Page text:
Drunken Brits could be banned from Spain’s Balearic Islands

Based on new policies, Brits who violate rigorous regulations put in place to crack down on anti-social tourists may be banned in Magaluf and Ibiza.

The islands’ tourism chief, Jaume Bauza, appeared to announce overnight that British tourists could face large fines for being intoxicated while on vacation.

At the start of 2020, a drunken tourism decree was agreed upon for some locations such as Magaluf in Majorca and the West End of San Antonio in neighbouring Ibiza.

It included fines of up to £50k for holidaymakers caught leaping off their hotel balconies and limits on the amount of alcohol served with meals at all-inclusive hotels.

The Balearics Islands’ new regional government has already signalled its intention to change the name of the decree against excess tourism to that of the ‘responsible tourism’ decree to avoid negative connotations.

It is also planning to eliminate the current situation where only some streets in certain resorts including Magaluf and San Antonio are affected by the rules.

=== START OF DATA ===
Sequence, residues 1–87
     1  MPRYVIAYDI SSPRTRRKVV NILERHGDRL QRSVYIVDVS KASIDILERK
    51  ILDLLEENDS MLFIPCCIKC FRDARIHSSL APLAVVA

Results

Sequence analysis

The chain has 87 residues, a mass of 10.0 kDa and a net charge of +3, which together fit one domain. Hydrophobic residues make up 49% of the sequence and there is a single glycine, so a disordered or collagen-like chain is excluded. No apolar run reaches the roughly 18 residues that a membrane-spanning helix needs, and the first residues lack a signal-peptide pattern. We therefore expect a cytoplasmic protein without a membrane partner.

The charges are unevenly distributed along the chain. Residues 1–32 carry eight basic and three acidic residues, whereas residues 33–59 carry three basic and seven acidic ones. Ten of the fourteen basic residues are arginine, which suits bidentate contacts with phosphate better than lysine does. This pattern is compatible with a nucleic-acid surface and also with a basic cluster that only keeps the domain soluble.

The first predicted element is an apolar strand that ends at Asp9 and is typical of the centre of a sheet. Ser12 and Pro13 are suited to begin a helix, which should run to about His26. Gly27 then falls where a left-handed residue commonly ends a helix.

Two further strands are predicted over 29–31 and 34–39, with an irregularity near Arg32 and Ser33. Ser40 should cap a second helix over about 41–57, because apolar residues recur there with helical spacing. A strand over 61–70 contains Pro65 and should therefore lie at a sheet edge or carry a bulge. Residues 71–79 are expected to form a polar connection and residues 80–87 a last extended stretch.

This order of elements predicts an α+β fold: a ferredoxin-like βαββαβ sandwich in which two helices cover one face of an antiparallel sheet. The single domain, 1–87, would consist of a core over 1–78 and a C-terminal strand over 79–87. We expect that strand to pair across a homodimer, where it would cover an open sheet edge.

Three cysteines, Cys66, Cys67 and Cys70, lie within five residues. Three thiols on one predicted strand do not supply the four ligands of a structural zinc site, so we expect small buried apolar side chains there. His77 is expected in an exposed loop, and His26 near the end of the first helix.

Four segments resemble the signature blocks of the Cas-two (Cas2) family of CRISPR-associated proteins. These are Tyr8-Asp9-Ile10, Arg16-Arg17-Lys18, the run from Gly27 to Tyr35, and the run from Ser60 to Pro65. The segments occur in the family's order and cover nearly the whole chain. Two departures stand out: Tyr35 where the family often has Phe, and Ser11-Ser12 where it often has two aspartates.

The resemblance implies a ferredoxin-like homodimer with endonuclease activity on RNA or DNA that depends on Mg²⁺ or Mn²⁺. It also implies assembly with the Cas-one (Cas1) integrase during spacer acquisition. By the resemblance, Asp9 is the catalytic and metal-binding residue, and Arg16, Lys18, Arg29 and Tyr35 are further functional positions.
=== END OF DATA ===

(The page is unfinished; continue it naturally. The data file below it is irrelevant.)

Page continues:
This would mean action against offenders could potentially be taken in any of the four islands that make up the Balearics.

In an announcement yesterday, Mr Bauza also admitted that as part of a package of tougher measures being prepared against anti-social visitors, a proposal to put some of them on a plane back home and ban them from returning for a certain period is being considered.

Those who flout the rules can already be expelled from their hotels, such as those who jump between balconies in a dangerous practice known locally as ‘balconing.’

Explaining that it would be ‘regulated in the decree’ he was quoted by respected island newspaper Diario de Ibiza as saying: ‘I’ve expressed the master lines and nothing’s being ruled out or confirmed at this stage.

‘Then it will need to have a legal framework.

‘The main thing is to target companies as well, but above all those people who behave in a way that is not tolerable, here or anywhere.’

The party resorts of Magaluf and part of Playa de Palma east of the island capital which is also one of the areas covered by the excess tourism decree, have been rocked this summer by several alleged sex attacks involving foreign tourists including gang rapes.

Any attempts by the Balearic Islands’ government to blacklist anti-social tourists are set to come up against EU free movement legislation, where the holidaymakers are from EU member states.

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